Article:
Many of the breadwinners from needy families are daily-rated casual workers without benefits, who have lost jobs. They are now struggling to provide for their children and parents living with them, due to the enhanced Circuit Breaker measures. OCBC Bank will support 1,000 needy Singaporean families by providing each family with $800 in supermarket vouchers. Additional vouchers will be given to families who require more help. The vouchers will enable these families to obtain necessities such as fresh foods, stationery and medicine to supplement the government cash payouts and the packed meals they receive from individual donors and NGOs. The families that OCBC Bank will support come under the care of Beyond Social Services, Care Corner Singapore, Food from the Heart, and the Muscular Dystrophy Association (Singapore).
Mr Hazme who lives with his wife and five children in a rental flat in Jalan Kukoh is happy that his family is one of 1,000 who will be receiving the vouchers. He said, “Besides food, there are other things that my children need – such as T shirts to replace those they have outgrown, stationery to do their homework, and even medicine when they fall sick. With OCBC’s vouchers, I am able to provide these for my family. I am thankful.”
A quote from Mr Gerard Ee, Executive Director of Beyond Social Services can be found in Annex A
Support for Migrant Workers
OCBC Bank reached out directly to various dormitory operators to understand if there were unfilled gaps – on top of the outpouring of generous support that has been offered to migrant workers over the past few weeks. The feedback was that the workers appreciate the prepared meals they receive three times daily and the masks that have been donated. The workers need additional personal protective equipment as they help with food delivery and the stepped-up cleaning regime. They also need personal necessities, vitamin C, oil and rice that they would otherwise have to leave the dormitories to buy using their own salaries.
OCBC Bank will support about 55,800 migrant workers living in nine dormitories across Singapore as well as the OCBC Arena at the Singapore Sports Hub – to help make their period of isolation more bearable. The nine dormitories are Tuas South Dormitory, TAC Alliance Pte Ltd, Prestige Resources Pte Ltd, Sungei Tengah Lodge, Westlite Toh Guan, Westlite Papan, Westlite Woodlands, Westlite Mandai and Westlite Juniper.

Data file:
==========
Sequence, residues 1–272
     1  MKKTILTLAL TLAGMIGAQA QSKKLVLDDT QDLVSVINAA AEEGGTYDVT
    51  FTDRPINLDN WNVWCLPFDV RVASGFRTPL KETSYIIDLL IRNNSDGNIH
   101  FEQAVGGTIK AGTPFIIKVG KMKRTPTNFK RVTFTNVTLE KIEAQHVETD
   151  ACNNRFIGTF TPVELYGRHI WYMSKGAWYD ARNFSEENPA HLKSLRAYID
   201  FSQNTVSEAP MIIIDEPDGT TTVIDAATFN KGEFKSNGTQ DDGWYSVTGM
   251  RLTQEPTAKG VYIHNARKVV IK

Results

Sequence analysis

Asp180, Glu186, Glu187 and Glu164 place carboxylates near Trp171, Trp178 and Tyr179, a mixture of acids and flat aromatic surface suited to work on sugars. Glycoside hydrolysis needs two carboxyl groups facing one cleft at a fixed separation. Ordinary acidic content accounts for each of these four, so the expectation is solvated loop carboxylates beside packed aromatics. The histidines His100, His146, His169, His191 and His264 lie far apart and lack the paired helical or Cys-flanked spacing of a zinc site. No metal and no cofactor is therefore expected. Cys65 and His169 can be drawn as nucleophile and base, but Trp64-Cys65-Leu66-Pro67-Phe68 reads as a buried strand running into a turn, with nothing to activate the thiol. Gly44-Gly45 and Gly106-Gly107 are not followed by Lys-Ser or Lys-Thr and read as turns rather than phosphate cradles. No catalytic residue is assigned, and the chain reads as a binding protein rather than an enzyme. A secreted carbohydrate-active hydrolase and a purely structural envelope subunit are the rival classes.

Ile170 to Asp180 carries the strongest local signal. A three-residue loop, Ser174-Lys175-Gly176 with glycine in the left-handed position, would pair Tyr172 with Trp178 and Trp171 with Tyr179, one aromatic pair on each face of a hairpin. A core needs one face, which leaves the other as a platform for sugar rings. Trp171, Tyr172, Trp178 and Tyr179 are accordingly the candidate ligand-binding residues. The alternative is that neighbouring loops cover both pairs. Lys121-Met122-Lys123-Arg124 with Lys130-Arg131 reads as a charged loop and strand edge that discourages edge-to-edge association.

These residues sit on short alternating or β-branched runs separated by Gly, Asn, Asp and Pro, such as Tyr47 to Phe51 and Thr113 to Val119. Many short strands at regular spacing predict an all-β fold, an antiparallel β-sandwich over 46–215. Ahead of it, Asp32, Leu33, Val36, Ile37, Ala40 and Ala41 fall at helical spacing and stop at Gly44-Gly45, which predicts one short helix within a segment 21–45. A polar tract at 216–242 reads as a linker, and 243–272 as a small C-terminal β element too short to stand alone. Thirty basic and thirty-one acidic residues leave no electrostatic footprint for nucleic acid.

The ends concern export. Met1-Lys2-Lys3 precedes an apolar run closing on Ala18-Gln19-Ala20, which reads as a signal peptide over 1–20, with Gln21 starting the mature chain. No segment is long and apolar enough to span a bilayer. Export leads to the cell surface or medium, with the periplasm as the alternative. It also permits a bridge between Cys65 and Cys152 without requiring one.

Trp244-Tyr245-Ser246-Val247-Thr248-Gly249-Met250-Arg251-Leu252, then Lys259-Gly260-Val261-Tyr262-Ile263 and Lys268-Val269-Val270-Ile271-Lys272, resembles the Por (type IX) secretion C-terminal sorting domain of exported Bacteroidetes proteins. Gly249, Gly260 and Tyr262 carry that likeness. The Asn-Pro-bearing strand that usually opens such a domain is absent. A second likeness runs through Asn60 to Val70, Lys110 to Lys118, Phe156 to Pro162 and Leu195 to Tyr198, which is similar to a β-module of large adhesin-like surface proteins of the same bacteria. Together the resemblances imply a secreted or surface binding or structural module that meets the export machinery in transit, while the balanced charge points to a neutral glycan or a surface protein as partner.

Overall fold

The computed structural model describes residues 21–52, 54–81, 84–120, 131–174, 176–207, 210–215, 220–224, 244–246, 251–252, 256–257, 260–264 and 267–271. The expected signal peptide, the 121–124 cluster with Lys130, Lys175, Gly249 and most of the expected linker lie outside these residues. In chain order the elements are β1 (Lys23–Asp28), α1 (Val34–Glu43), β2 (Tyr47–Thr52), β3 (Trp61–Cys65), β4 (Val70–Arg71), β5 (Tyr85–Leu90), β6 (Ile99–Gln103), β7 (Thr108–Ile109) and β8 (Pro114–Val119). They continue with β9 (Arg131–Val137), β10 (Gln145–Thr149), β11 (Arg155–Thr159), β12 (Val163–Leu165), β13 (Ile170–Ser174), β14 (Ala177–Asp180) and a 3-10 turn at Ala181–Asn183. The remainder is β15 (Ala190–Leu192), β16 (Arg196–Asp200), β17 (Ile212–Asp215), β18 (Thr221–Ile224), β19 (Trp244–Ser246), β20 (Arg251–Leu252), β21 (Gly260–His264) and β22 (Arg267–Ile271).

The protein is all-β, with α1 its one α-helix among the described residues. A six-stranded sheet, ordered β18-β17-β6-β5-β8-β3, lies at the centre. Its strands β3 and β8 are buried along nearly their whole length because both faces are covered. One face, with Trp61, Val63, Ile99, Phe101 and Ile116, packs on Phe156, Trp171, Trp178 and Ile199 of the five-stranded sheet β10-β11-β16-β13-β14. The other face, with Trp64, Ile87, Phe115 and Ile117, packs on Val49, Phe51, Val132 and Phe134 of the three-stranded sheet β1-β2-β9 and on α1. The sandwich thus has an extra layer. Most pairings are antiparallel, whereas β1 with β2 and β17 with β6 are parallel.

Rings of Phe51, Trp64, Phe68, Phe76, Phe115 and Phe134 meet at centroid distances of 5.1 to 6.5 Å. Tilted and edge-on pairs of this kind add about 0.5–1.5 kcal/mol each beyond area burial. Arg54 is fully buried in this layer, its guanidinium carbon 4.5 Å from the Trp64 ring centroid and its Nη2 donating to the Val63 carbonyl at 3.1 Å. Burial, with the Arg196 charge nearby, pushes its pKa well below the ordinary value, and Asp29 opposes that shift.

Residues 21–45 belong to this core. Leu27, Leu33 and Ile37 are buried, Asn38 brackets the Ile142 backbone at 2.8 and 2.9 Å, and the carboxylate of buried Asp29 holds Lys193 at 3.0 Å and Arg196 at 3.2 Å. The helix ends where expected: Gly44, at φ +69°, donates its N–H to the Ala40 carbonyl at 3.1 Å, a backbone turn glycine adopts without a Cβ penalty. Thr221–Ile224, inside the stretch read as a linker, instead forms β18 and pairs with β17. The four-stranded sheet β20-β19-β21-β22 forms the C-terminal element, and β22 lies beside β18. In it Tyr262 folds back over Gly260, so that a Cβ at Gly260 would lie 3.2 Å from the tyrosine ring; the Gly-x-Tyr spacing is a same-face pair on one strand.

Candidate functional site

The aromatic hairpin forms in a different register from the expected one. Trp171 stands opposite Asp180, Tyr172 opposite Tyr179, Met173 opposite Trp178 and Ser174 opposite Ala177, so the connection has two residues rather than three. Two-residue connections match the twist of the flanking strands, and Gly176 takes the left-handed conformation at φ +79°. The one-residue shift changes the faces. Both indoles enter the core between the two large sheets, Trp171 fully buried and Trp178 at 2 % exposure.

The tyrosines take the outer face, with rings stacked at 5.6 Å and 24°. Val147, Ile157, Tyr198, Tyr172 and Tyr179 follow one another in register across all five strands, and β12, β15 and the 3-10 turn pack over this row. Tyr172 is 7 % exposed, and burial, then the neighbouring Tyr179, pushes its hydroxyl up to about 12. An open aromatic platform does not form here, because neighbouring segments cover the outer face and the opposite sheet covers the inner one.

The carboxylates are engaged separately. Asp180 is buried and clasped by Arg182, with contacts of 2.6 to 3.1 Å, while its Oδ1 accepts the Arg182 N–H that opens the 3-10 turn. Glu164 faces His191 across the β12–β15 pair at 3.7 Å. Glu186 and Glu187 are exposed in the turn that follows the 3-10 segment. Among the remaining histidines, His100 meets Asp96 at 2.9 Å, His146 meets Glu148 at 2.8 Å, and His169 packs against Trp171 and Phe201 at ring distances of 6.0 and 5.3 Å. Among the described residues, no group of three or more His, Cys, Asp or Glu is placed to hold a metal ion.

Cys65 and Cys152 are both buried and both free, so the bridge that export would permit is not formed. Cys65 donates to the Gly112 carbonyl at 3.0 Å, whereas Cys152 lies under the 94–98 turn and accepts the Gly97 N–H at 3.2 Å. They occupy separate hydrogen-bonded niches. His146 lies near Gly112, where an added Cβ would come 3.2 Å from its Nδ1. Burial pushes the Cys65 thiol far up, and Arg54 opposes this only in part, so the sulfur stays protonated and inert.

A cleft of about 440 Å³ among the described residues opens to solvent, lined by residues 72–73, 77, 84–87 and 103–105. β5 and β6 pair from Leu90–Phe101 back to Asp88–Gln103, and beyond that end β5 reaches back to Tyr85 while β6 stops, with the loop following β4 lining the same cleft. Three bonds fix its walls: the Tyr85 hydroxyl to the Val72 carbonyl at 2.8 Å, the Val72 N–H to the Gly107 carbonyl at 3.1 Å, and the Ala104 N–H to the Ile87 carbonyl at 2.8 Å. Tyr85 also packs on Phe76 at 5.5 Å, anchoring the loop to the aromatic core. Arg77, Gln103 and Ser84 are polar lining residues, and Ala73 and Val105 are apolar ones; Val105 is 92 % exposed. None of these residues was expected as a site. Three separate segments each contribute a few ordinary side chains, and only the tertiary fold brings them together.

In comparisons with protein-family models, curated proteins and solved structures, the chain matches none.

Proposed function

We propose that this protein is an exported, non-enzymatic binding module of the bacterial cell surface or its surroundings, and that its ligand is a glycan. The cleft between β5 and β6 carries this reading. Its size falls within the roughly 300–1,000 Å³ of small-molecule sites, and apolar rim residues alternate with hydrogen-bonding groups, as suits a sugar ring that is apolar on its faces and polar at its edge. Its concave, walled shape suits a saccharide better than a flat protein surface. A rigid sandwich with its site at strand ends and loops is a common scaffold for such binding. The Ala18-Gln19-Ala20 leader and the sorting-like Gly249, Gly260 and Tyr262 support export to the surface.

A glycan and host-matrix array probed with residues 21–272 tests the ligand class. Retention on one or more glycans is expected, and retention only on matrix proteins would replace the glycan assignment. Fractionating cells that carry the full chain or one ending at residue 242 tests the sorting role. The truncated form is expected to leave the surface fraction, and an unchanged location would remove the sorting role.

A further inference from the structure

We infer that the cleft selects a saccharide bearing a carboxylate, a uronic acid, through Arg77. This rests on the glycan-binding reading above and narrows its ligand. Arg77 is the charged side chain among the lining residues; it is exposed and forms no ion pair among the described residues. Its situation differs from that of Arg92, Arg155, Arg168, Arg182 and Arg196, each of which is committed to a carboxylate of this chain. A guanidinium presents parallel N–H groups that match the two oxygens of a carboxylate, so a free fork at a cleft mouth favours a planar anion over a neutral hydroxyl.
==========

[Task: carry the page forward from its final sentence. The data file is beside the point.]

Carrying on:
The smallest of the three dormitory operators that will receive support is Nexus Point Investments Pte Ltd with 9,000 workers. The second company is Centurion Corporation which manages five dormitories with a current physical occupancy of 21,000 workers. The third company, TG25 Pte Ltd, manages Sungei Tengah Lodge which houses 25,000 workers.
As the needs across these dormitories vary, OCBC Bank will provide support in three areas – foods, additional personal protective and cleaning equipment and personal necessities.
28-year old Mr Rana Md Habibullah, a Bangladeshi worker who lives in an apartment unit managed by Centurion Corporation at Westlite Toh Guan was delighted to hear that OCBC Bank will be providing all the units in his block with the familiar oil, chilli, cumin and fennel powders he uses to cook his curries. ‘Each time I cook using these ingredients, it reminds me of my family at Gazipur. I am grateful for the packed food that we have been receiving. But my friends and I prefer to cook our own dishes using our own types of oil and spices. Now we cannot get these items because we cannot leave our dormitories.”
38-year old Murugan, who lives in one of the units at the Lodge, was glad to collect the disinfectants that OCBC Bank has donated. He said, “While the dormitory operator cleans the common areas of the Lodge, we have to buy our own cleaning detergents and equipment to clean the inside areas. We know we must keep our living place clean because of the virus. Now that I have the detergent from OCBC, I can save a little more money – and send more money to my family.”